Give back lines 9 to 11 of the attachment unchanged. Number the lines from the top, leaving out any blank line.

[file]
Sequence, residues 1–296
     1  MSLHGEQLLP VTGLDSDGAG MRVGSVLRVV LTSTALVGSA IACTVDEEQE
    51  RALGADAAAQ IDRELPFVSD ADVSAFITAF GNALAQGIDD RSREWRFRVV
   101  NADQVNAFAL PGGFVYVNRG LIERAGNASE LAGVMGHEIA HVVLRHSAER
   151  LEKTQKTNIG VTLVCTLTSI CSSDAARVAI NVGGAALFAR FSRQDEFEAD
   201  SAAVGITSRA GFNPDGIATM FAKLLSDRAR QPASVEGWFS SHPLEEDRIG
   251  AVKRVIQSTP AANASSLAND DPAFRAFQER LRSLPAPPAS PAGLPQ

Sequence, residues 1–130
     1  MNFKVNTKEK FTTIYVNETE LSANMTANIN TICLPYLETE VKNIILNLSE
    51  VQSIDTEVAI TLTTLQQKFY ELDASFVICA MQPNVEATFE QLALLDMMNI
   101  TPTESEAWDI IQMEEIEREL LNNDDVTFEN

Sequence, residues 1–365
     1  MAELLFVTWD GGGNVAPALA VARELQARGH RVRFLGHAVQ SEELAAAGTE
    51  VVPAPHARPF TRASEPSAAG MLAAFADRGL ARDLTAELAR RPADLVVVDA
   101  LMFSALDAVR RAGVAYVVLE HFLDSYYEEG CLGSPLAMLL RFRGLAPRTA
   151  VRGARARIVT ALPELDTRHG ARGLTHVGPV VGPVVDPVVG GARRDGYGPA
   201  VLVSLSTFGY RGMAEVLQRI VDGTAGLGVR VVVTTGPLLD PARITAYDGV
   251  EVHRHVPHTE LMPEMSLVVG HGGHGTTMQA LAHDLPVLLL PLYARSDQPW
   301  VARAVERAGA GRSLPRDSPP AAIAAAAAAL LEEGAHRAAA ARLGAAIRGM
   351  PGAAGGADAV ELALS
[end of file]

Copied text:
     1  MNFKVNTKEK FTTIYVNETE LSANMTANIN TICLPYLETE VKNIILNLSE
    51  VQSIDTEVAI TLTTLQQKFY ELDASFVICA MQPNVEATFE QLALLDMMNI
   101  TPTESEAWDI IQMEEIEREL LNNDDVTFEN